VMware one-ups Amazon for Windows desktops as a service

VMware one-ups Amazon for Windows desktops as a service

As a company that draws more than 2 billion eyeballs per month, Facebook was a fitting harbinger of trends to come at an optical networking conference.

The social networking goliath is lighting up its own optical fiber, deploying 100Gbps links in its data centers and looking towards emerging silicon photonics technology, Facebook Director of Technical Operations Najam Ahmad said on Monday at an Optical Society of America meeting held alongside the annual OFC (Optical Fiber Communications) Conference in San Francisco.

Facebook's challenges mirror those of other enterprises and data center operators, with fast-growing data traffic and rapidly evolving network needs, but with 1.2 billion active monthly users, it's facing those issues sooner than some. Though his company is unique in some ways, Ahmad's comments in an on-stage interview may shed some light on the future of connectivity.

The biggest traffic at Facebook isn't in and out of its data centers but among the servers within them, Ahmad said. That's because every time a user logs in to the site, hundreds or thousands of servers are called into action to compute different parts of that customer's News Feed on the fly. This so-called "east-west" traffic is also growing faster as apps on Facebook grow more complex and user interactions become richer, he said.

So while many enterprises are deploying 10-Gigabit Ethernet today, that's already the minimum at Facebook.

"We haven't deployed anything less than a 10-Gig for about two years now," Ahmad said. Those are the links to servers themselves, and upstream from that, Facebook is using 40-Gigabit Ethernet and a few 100-Gigabit links. It's mostly on 40-Gigabit now because 100-Gigabit is still too expensive, he said. But within a year or two, Ahmad expects the company's fast pipes to become predominantly 100-Gigabit.

Facebook's computing needs are growing so quickly that the company no longer builds just one data center at a time, Ahmad said.

"Now what we do is we buy land, we build one building, and then a second, a third, and a fourth," he said. "All of a sudden, what we've done is build a campus. So our optical needs change slightly."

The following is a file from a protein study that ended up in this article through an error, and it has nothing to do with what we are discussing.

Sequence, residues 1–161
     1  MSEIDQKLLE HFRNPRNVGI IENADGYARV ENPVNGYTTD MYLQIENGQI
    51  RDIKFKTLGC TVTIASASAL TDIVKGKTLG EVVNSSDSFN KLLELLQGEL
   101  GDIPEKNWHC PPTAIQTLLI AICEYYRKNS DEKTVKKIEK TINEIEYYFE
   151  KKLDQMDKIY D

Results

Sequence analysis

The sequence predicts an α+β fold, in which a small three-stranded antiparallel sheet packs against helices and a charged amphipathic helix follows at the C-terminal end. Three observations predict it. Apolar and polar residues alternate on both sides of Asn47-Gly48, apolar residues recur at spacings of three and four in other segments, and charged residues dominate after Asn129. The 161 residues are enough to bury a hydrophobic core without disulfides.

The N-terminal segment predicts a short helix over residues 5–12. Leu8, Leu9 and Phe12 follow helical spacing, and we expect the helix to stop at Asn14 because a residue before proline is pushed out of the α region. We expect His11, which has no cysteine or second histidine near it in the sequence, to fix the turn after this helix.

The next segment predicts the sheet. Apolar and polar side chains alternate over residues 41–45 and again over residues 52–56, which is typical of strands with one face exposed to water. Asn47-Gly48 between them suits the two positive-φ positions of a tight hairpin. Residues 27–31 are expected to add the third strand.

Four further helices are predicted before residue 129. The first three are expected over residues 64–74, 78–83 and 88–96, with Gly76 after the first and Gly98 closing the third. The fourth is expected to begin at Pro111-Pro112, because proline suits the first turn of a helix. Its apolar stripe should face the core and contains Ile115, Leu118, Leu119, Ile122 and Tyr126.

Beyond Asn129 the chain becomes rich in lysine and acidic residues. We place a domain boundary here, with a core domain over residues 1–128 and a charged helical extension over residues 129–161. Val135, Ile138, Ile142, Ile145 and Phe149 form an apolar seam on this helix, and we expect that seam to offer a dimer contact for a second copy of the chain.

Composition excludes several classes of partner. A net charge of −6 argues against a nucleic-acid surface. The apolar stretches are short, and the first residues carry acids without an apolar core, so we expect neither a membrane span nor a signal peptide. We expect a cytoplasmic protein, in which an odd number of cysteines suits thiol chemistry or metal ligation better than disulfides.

To link, say, four data centers spread across a campus of 10 to 20 acres, Ahmad would like to have a fiber technology that can span one or two kilometers and carry 100Mbps to start, then 200Mbps and 400Mbps as traffic grows over time. For that, he envisions connections using single-mode fiber rather than the multimode fiber most commonly used in data centers today, which has a shorter range.

Such a system is likely to use silicon photonics, an emerging technology that applies the world's most common semiconductor material to optical connectivity, Ahmad said. Facebook is also exploring silicon photonics because it wants to use so-called rack-level computing, in which computing, storage and memory are concentrated in separate racks and connected at high speed to form the equivalent of many servers. PCIe is another option for this, he added.

- See more at: http://www.itnews.com/social-networking/75907/facebook-walks-optical-networkings-wild-side#sthash.DC24ImBZ.dpuf

As a company that draws more than 2 billion eyeballs per month, Facebook was a fitting harbinger of trends to come at an optical networking conference.

The social networking goliath is lighting up its own optical fiber, deploying 100Gbps links in its data centers and looking towards emerging silicon photonics technology, Facebook Director of Technical Operations Najam Ahmad said on Monday at an Optical Society of America meeting held alongside the annual OFC (Optical Fiber Communications) Conference in San Francisco.

Facebook's challenges mirror those of other enterprises and data center operators, with fast-growing data traffic and rapidly evolving network needs, but with 1.2 billion active monthly users, it's facing those issues sooner than some. Though his company is unique in some ways, Ahmad's comments in an on-stage interview may shed some light on the future of connectivity.

The biggest traffic at Facebook isn't in and out of its data centers but among the servers within them, Ahmad said. That's because every time a user logs in to the site, hundreds or thousands of servers are called into action to compute different parts of that customer's News Feed on the fly. This so-called "east-west" traffic is also growing faster as apps on Facebook grow more complex and user interactions become richer, he said.

So while many enterprises are deploying 10-Gigabit Ethernet today, that's already the minimum at Facebook.